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At The Movies: ‘Shazam! Fury’ in Philly

“Shazam! Fury of the Gods” is the 12th entry in the superhero marketing machine called the DC Extended Universe, not to be confused with the rival multiverse marketing machine called the Marvel Extended Universe.

The conceit, or cinematic device, or gimmick, in “Shazam! Fury of the Gods,” a sequel to “Shazam!” (2019), is that the main character, a teen-ager named Billy Batson (Asher Angel) becomes an adult superhero, Shazam (Zachary Levi), with super powers, when he shouts “Shazam,” the name of a wizard.

Black Adam also says “Shazam” to summon his super powers. However, even that might not return Black Adam to the DC Extended Universe orbit.

It didn’t work for Gomer Pyle, who says “Shazam!” on TV’s “Gomer Pyle, U.S.M.C.” (1964-1969) and “The Andy Griffith Show” (1960-1968). Gomer is still, well, Gomer.

Captain Marvel, aka Shazam, first appeared in 1939 in Whiz Comics. Because the character, Captain Marvel, is a trademark of Marvel Comics, the character was reintroduced as Shazam by DC Comics in 1972.

Saying “Shazam” will not resolve that legal case. The multiverse only goes so far. Apparently, the DC Extended Universe and the Marvel Cinematic Universe twain shall never meet.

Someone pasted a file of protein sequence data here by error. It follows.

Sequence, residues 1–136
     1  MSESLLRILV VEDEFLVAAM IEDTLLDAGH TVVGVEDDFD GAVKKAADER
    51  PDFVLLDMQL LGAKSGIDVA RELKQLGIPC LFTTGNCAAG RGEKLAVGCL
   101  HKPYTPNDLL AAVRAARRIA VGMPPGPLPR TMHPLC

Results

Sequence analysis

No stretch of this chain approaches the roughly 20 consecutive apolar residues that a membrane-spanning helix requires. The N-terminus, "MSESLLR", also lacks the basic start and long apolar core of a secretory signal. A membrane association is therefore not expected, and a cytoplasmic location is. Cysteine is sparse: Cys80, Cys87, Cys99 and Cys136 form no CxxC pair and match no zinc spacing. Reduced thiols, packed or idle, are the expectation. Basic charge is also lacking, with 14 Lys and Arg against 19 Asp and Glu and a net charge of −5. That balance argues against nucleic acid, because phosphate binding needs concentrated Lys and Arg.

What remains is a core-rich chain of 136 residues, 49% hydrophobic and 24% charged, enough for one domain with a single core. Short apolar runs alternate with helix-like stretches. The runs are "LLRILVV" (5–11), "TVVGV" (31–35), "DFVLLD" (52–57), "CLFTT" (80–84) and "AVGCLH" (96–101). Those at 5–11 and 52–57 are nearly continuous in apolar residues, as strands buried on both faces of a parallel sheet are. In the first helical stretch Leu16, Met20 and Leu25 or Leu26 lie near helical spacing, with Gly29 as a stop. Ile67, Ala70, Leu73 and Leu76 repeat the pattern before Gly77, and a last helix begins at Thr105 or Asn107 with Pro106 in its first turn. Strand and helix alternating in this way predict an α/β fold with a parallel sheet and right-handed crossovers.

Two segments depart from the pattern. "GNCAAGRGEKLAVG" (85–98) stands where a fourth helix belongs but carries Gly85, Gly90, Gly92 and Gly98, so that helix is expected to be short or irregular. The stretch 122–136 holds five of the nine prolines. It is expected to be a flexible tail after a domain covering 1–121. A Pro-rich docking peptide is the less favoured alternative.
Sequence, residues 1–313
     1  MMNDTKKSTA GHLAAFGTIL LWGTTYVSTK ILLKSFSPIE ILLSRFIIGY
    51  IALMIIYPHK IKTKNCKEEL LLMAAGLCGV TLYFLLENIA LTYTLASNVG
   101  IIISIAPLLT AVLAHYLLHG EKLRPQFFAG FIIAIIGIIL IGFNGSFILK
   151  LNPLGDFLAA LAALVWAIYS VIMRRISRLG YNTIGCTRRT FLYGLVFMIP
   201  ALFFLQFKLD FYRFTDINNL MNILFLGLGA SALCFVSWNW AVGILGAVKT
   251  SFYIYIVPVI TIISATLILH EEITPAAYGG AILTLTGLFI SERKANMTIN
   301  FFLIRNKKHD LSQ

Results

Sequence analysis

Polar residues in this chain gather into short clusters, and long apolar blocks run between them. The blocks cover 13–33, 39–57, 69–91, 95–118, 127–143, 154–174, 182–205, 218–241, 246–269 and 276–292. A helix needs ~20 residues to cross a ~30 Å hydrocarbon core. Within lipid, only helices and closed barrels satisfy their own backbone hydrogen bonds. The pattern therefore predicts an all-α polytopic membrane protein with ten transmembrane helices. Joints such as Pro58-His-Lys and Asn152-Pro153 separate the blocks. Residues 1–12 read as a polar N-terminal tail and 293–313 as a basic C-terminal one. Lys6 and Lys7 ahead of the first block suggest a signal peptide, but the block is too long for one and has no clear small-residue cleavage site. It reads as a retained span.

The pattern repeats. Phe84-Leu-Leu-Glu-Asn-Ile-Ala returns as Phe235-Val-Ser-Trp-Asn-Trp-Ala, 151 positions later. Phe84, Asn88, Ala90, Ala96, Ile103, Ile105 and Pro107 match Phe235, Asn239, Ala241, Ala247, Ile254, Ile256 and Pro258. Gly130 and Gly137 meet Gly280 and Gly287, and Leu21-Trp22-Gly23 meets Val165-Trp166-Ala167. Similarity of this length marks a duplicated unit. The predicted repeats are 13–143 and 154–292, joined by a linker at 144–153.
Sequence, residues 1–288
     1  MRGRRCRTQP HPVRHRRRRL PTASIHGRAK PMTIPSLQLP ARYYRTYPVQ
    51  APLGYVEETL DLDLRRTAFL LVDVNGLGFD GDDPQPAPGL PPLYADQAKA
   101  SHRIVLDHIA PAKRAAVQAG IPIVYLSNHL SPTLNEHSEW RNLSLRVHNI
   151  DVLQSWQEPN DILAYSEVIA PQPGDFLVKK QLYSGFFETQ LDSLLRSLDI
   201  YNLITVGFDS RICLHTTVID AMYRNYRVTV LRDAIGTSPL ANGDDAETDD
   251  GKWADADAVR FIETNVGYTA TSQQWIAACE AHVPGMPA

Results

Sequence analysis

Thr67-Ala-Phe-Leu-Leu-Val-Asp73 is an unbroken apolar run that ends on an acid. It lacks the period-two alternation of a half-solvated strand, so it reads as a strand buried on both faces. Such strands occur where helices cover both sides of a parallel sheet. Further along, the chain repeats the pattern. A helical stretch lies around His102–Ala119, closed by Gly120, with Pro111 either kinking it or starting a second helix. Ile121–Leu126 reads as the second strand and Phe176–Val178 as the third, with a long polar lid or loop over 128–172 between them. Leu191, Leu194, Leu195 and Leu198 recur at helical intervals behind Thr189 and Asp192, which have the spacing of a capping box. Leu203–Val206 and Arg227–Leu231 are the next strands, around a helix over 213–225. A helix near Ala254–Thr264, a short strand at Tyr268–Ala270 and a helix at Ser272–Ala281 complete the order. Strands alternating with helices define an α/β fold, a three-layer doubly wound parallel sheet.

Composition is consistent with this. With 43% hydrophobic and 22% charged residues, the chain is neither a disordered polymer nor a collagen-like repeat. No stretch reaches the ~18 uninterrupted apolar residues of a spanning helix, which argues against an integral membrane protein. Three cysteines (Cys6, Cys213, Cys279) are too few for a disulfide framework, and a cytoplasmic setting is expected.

And here you thought super heroes were all about super powers when all along they’re about their real sidekicks: attorneys, who have the real super powers: lawsuits.

Even so, the incantation, Shazam, is powerful stuff: an anagram for Solomon (wisdom), Hercules (strength), Atlas (stamina), Zeus (power), Achilles (courage) and Mercury (speed). There will be a quiz about all of this at the end of the movie column. Just kiddin.’

Billy Batson and his foster-care family of siblings are imbued with superhero powers by the Council of Wizards’ one and only, Shazam (Djimon Hounsou).

In addition to Billy Batson, the family includes Freddy Freeman (Jack Dylan Grazer as a teen with a disability and Adam Brody as the the character’s adult superhero), Mary Bromfield (Grace Caroline Currey as the teen and adult superhero), Eugene Choi (Ian Chen as the youth and Ross Butler as the adult superhero), Pedro Peña (Jovan Armand as the young version and D. J. Cotrona as the adult superhero) and Darla Ducley (Faithe Herman as the girl and Meagan Good as the adult superhero).